Al Bundy is a misanthropic women's shoe salesman with a miserable life. He hates his job, his wife is lazy, his son is dysfunctional (especially with women), and his daughter is dim-witted and promiscuous.
The Bundy's go out to a fancy restaurant to spend a great windfall, an inheritance check for $237 from a late uncle of Peggy's. But it becomes apparent that the fine dinning in public is not a part ...
The Banks family, a respectable Californian family, take in a relative - Will Smith, a street-smart teenager from Philadelphia. The idea is to make him respectable, responsible and mature, but Will has got other plans...
In this sitcom, Charlie, who takes Mike Flaherty's place in later years, is the Deputy-Mayor of New York City, and his team of half-wits must constantly save the Mayor from embarrassment and the media.
Michael J. Fox,
Al Bundy is an unsuccessful middle aged shoe salesman with a miserable life and an equally dysfunctional family. He has a very attractive but lazy wife named Peggy who constantly nags him to death while throwing the little money he earns away on herself. He also has a very promiscuous teen aged daughter named Kelly who makes up in attractiveness what she lacks in IQ points, and a not so attractive but bright teen aged son named Bud who seems to think he is a ladies man. To add to Al's misery is his yuppie next door neighbors Marcy and Steve. Marcy and Steve eventually split up with Marcy keeping the house next door to the Bundys and Steve moving away to be a forest ranger. Later Marcy gets remarried to a gigolo named Jefferson who is the male version of Peggy. The sitcom revolves around Al's never ending attempts to better his life which always leads him right back to where he started. Written by
Al's favorite reading material is a Playboy-type magazine called "Big 'Uns". At different points in the series, Griff can be seen reading a similar magazine in the series called "Black Big 'Uns", and during a scene in Cuba, 'Fidel Castro' can be seen reading another similar magazine called "Cub 'Uns" (a play on the word "Cubans.") See more »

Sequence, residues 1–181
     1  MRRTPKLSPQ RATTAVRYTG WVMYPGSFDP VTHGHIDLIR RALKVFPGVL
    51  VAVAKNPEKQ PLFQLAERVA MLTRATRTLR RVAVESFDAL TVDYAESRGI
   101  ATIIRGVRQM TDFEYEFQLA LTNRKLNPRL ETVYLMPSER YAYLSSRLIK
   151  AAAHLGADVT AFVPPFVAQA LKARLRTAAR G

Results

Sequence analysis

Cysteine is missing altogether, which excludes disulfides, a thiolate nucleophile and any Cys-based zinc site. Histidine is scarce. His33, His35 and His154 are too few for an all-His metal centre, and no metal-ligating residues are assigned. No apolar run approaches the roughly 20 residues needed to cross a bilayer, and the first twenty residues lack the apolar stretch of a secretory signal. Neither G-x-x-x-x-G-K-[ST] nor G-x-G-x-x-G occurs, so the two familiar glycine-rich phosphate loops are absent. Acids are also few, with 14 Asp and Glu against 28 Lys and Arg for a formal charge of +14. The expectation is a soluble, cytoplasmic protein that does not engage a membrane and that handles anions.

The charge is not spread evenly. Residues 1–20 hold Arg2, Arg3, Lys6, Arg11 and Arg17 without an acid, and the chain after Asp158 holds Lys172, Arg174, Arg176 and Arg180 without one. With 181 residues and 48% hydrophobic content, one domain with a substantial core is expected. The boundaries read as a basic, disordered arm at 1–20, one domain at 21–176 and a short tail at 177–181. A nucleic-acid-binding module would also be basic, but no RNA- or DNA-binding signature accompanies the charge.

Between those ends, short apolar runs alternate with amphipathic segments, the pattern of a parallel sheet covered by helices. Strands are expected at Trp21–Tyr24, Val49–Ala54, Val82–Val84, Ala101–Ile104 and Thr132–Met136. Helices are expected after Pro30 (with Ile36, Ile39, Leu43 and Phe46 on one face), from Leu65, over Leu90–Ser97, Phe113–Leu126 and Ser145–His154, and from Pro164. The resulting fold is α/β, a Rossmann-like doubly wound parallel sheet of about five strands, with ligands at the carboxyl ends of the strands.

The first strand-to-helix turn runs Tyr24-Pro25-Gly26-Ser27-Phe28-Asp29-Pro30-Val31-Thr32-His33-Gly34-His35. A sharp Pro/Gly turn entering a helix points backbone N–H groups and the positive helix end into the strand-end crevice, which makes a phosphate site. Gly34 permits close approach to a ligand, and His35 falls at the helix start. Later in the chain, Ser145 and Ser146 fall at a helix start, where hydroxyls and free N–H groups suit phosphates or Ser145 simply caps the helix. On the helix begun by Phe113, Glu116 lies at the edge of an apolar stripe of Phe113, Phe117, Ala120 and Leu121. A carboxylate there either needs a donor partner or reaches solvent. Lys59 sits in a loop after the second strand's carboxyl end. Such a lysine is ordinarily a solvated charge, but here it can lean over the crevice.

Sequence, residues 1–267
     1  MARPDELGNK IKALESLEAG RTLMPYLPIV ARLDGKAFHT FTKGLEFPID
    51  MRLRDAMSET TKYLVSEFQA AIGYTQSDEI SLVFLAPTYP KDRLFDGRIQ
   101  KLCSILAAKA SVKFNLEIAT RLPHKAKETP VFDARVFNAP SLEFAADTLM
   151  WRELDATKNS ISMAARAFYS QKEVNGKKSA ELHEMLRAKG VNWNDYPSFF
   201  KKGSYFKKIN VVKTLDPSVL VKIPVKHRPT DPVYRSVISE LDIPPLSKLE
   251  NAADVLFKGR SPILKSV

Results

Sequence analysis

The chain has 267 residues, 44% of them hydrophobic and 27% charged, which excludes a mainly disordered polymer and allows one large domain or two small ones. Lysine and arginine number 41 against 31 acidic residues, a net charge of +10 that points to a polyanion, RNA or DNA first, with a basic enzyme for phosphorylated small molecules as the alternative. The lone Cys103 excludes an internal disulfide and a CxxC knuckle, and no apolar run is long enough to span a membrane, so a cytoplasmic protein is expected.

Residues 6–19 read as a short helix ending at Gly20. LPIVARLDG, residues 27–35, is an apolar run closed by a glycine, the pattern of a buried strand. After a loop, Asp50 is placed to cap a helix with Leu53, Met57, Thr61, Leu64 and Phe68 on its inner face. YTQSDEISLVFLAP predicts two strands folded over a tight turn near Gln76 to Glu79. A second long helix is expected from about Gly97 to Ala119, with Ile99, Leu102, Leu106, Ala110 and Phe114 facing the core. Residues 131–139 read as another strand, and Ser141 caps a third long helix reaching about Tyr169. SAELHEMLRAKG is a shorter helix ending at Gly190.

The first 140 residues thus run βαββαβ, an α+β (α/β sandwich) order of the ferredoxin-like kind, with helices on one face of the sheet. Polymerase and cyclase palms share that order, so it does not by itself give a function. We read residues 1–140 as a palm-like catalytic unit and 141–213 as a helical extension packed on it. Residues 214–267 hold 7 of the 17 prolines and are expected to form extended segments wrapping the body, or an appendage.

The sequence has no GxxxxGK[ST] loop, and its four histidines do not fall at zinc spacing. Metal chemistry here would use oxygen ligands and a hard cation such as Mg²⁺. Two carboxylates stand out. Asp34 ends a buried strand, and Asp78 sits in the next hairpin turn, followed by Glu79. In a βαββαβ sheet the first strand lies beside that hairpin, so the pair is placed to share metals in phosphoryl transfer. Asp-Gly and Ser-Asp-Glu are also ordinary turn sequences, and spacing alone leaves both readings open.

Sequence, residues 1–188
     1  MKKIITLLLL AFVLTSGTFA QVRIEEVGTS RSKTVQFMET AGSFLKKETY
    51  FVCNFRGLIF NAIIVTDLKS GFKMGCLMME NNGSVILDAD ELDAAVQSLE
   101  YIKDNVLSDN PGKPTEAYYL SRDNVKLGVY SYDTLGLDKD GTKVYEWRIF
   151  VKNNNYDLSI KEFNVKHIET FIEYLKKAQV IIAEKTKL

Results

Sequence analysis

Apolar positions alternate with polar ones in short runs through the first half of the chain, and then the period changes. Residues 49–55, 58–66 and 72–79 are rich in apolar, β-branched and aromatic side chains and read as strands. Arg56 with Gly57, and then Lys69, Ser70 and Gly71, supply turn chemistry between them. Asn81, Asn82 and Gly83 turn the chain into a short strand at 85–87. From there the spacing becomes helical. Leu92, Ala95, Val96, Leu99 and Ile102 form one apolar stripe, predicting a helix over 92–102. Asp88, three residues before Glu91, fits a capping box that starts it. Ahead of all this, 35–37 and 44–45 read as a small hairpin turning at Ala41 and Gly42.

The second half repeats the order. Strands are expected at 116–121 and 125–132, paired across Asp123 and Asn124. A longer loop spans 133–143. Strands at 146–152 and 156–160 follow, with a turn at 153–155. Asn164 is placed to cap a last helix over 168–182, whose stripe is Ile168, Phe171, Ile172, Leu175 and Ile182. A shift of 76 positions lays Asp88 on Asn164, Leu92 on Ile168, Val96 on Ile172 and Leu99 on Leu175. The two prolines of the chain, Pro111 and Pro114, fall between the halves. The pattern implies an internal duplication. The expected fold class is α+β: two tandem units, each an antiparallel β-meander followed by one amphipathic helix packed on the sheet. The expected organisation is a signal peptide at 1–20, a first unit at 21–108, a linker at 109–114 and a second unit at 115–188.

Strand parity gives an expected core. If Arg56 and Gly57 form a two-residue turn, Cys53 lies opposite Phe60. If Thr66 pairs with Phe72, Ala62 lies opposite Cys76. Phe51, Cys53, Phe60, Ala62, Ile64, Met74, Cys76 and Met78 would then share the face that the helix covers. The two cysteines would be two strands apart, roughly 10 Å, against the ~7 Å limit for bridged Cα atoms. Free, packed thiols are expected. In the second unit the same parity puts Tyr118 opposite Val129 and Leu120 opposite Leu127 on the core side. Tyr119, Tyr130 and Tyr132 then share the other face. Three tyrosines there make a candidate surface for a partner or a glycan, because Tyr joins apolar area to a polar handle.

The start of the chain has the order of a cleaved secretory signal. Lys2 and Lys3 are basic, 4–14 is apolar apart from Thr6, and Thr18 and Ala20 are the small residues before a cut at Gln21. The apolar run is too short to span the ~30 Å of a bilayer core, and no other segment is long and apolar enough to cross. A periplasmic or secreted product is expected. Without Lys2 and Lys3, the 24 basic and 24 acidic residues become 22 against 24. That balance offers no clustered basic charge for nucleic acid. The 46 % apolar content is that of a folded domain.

Eighty-nine bottles of beer on the wall, eighty-nine bottles of beer, if one of those bottles should happen to fall... eighty-ten bottles of beer on the wall.
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With rare exceptions, the end credits are played over a still of Peggy and Al (looking disgusted) sitting on the couch. See more »
This long running American sitcom has a strange kind of following and appeal. The show has a kind of knowing badness and is intentionally cheesy and politically incorrect. The actors perform their lines with a knowing wink at the audience, as if to say 'yes we know this crude, rude, and lude'. The audiences at the recordings consist of primarily hillbillies who woof, howl and screech in delight at as much as Al flushing the toilet. It is infectious.
The cast and characters are good. Ed O'Neil is superb as Al Bundy. He makes the show as popular as it is. The facial expressions that he pulls and his delivery are hilarious. Whatever Al says or does, makes me laugh. Then there is his wife Peggy Bundy, the curviest woman alive and a hell of a milf. It's another strange mystery of the show that all of a sudden in season 2, Peggy turned into the delightfully huge chested wife from hell audiences loved. It was a jarring change, sudden in your face jubblies. Katey Sagal is excellent as Peggy and she delivers the lines brilliantly. She can screech well too and every time she cries out 'AL!' and he flinches we know why. Then there are the kids. Every young Americans dream woman in the early 90's, Christina Applegate who gets a deserved howl of male appreciation when she enters each episode. Then Bud Bundy the young loser who despite being the only Bundy with brains has no luck with the ladies, despite thinking he is god's gift.
Basically this show revolves around sexism, innuendo and machismo. You see all the jokes coming a mile off. They have long running gags that never manage to get tired, such as Peggy's constant jibes about Al's sexual prowess. This is funny. It's love it or hate it but I love it.
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